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See also: Cynical



Originated 1580–90 from cynic +‎ -al.



cynical (comparative more cynical, superlative most cynical)

  1. Of or relating to the belief that human actions are motivated only or primarily by base desires or selfishness.
    • 1755, Samuel Johnson, To the Earl of Chesterfield:
      I hope it is no very cynical asperity not to confess obligations where no benefit has been received.
  2. Skeptical of the integrity, sincerity, or motives of others.
  3. Bitterly or jadedly distrustful or contemptuous; mocking.
    • 1945 August 17, George Orwell [pseudonym; Eric Arthur Blair], chapter 1, in Animal Farm [], London: Secker & Warburg, →OCLC:
      He seldom talked, and when he did, it was usually to make some cynical remark-for instance, he would say that God had given him a tail to keep the flies off, but that he would sooner have had no tail and no flies.
  4. Showing contempt for accepted moral standards by one's actions.
    • 1907 August, Robert W[illiam] Chambers, chapter X, in The Younger Set, New York, N.Y.: D. Appleton & Company, →OCLC:
      When he, at Neergard's cynical suggestion, had consented to exploit his own club [] and had consented to resign from it to do so, he had every reason to believe that Neergard meant to either mulct them heavily or buy them out. In either case, having been useful to Neergard, his profits from the transaction would have been considerable.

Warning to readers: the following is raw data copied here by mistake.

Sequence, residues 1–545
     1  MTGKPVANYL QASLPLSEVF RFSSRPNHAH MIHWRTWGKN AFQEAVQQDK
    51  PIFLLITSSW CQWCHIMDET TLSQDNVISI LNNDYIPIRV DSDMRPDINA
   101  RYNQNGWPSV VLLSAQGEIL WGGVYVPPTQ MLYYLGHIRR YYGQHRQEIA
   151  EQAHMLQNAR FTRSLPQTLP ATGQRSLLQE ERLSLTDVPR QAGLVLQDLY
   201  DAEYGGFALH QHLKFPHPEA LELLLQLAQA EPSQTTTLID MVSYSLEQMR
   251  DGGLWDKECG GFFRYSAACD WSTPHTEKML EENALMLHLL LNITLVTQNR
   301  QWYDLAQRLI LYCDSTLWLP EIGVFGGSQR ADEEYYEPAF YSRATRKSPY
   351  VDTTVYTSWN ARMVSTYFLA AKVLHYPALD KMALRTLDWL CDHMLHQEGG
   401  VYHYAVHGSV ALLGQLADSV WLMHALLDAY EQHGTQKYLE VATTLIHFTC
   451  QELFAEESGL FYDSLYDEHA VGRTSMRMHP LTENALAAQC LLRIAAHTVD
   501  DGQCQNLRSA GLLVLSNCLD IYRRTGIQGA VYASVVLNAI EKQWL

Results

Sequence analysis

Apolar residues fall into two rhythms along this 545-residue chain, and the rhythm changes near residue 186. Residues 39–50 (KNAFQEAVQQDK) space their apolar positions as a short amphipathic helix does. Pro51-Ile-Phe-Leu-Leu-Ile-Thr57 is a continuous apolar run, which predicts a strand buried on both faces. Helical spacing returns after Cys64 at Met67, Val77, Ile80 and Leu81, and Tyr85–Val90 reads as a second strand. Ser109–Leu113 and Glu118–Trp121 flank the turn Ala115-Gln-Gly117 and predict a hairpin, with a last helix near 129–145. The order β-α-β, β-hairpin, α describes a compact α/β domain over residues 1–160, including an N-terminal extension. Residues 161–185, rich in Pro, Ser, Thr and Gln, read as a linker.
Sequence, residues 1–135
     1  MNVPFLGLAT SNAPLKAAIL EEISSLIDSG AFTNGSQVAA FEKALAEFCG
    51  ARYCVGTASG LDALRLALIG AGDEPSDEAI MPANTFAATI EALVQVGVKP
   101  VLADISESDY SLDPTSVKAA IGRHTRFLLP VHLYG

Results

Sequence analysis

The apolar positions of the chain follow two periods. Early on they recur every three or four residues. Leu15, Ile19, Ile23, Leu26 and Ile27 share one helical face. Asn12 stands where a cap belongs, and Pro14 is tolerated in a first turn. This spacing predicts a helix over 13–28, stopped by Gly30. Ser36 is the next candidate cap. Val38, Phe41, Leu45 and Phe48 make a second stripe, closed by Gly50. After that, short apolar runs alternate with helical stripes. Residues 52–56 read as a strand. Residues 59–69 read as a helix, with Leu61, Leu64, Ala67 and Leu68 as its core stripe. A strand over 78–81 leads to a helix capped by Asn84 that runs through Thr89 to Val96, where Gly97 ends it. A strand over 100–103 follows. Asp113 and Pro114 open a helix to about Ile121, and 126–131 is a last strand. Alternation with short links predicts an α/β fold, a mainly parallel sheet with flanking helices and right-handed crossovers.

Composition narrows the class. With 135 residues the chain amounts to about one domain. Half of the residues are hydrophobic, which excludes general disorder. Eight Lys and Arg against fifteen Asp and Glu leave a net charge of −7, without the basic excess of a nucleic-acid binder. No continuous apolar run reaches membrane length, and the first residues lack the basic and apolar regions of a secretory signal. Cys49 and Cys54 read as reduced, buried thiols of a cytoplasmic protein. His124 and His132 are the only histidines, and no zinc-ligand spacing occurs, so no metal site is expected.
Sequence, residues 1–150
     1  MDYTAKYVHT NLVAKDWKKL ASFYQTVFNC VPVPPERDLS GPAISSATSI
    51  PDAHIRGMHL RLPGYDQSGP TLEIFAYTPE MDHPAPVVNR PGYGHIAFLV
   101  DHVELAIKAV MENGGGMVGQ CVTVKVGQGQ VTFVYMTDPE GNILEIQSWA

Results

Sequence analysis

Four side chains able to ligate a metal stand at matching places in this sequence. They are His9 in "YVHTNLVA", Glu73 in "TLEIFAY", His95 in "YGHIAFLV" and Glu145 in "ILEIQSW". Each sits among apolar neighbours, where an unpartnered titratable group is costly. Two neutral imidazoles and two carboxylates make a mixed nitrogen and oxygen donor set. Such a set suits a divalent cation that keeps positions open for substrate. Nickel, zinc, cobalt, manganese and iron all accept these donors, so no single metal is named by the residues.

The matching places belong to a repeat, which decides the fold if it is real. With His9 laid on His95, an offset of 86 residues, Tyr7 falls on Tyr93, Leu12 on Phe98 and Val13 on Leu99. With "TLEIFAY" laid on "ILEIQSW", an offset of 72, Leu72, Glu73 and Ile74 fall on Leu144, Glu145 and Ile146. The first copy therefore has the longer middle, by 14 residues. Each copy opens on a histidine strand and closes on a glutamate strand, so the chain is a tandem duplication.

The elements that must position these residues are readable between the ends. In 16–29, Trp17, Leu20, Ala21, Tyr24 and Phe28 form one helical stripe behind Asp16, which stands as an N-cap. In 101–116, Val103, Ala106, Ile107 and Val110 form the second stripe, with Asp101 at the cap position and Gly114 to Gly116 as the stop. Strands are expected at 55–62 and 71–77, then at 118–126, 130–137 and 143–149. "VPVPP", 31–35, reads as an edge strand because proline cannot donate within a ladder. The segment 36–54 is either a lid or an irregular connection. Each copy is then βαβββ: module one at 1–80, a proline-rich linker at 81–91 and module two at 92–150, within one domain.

5. (medicine, rare) Like the actions of a snarling dog, especially in reference to facial nerve paralysis.
    • 1818, Matthieu Joseph Bonaventure Orfila, A Treatise on Mineral, Vegetable, and Animal Poisons, Considered as to their Relations with Physiology, Pathology, and Medical Jurisprudence:
      Towards noon, he experienced convulsive movements; the extremities became stiff, the pulse extremely small, and he died during an attack of cynical spasm.
    • 1857, New Orleans Medical News and Hospital Gazette - Volume 3, page 278:
      On the contrary, in woman, the cynical spasm, though felt with as much, or even more violence than the other sex, is not followed with the same deleterious effects, and may be repeated much oftener without any unfavorable consequences.
    • 1986, Giuseppe Roccatagliata, A History of Ancient Psychiatry, page 125:
      Demetrius Attalicus studied the symptomatologies due to strictura cerebri, characterized by a cynical spasm of the facial nerve.
    • 2009, Hilary Evans, Robert E. Bartholomew, Outbreak!: The Encyclopedia of Extraordinary Social Behavior, →ISBN:
      Something of the same sort happened at Hensberg, Germany, where the nuns were afflicted and committed the sin they called “the silent sin.” In their ecstasies, their convulsions were very violent and interspersed with “cynical movements of the pelvis.”